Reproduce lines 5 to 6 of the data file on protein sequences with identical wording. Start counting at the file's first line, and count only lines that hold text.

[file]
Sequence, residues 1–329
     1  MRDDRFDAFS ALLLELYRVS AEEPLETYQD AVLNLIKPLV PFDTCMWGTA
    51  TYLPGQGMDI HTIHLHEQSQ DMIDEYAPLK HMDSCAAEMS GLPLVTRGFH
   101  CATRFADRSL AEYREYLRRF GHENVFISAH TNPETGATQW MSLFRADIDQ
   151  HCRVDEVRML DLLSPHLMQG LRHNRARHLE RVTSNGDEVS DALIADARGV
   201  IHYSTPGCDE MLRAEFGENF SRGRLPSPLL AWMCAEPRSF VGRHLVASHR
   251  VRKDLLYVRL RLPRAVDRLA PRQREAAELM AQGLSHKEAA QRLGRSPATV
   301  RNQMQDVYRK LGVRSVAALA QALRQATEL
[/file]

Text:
   151  HCRVDEVRML DLLSPHLMQG LRHNRARHLE RVTSNGDEVS DALIADARGV
   201  IHYSTPGCDE MLRAEFGENF SRGRLPSPLL AWMCAEPRSF VGRHLVASHR